Monday, October 26, 2009

Black mark remains on silent McGwire

He's supposedly coming back from his self-imposed hell, a place far removed from the limelight, the TV commercials and the public adulation he enjoyed during most of his baseball career. He went there to get away from his final seasons, but he couldn't shake free of those years or the rumors that trailed him there.

Whoever figured Mark McGwire would return?

He is coming back, though. He's coming back to baseball as manager Tony La Russa's hitting coach with the Cardinals, which causes hell for Major League Baseball.

League officials know what McGwire's return will mean: more talk about steroids. They would prefer that he stayed where he was -- his career in the netherworld of baseball, a place where Roger Clemens, Barry Bonds and Rafael Palmeiro took their careers.

It's hard to resurrect careers like theirs from the dead. Just ask Pete Rose. They should only be resurrected when the questions that men like McGwire and Rose ran away from have been answered. Those questions can't still be floating high in the air like a hanging curveball.

They are with McGwire.

The game knows no more about McGwire and his alleged use of performance-enhancing drugs today than it did when he chose to retire in 2002. He could have cleared up those suspicions long ago. He should do so now before he puts on a uniform again.

He should sit down in front of Larry King or Peter Gammons or Oprah Winfrey and tell the baseball world what he refused to tell Congress: Did he or didn't he?

Confess his sins and the truth sets him free.

An Oprah moment won't rehabilitate McGwire's image; it would be a start. His silence about 'roids has sullied the reputation he once had. It has also cost him induction into Cooperstown, just as Rose's lying about betting on baseball cost him his.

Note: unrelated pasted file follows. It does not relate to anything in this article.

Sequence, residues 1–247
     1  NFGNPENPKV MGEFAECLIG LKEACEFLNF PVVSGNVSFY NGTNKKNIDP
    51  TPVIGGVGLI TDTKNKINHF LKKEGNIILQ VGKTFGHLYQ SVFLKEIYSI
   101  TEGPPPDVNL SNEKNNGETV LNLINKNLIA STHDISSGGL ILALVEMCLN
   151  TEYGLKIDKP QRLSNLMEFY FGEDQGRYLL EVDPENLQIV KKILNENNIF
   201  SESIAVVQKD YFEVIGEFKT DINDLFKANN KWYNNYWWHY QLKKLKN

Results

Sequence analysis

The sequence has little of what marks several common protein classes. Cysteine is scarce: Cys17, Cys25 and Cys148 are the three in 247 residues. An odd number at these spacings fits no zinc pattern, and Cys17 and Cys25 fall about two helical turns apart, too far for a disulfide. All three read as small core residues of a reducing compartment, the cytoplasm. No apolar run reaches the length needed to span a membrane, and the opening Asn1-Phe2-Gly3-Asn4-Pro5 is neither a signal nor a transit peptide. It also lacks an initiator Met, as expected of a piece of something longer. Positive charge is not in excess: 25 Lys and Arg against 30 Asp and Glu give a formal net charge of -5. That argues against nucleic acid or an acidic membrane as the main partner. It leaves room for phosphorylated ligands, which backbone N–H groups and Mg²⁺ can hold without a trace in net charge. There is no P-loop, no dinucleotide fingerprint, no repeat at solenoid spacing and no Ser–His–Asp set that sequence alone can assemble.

Rose has remained an outsider; he has not been allowed to participate in the sport he helped to prosper.

McGwire, who'll reportedly replace Hal McRae, is getting back inside the game, except in the minds of those who care about the sanctity of it. He tainted their records, baseball purists say. They hold a grudge, too.

For his part, McGwire seems not to care what they think. Had he cared, he would have kept his pumped-up biceps in retirement. He would not have reopened a discussion that had, in the main, been quiet since Manny Ramirez sat out 50 games earlier this season for testing positive for PED.

On the eve of the World Series, baseball needed the public's attention on McGwire like the NBA needed its referees on strike. In October, attention should be on the World Series and not on the hiring of a hitting coach who needs to address his past.

Timing is everything, and McGwire could have orchestrated his return to baseball to minimize the damage it will do to the game. He'd done enough to ruin the sport already.


Post a Comment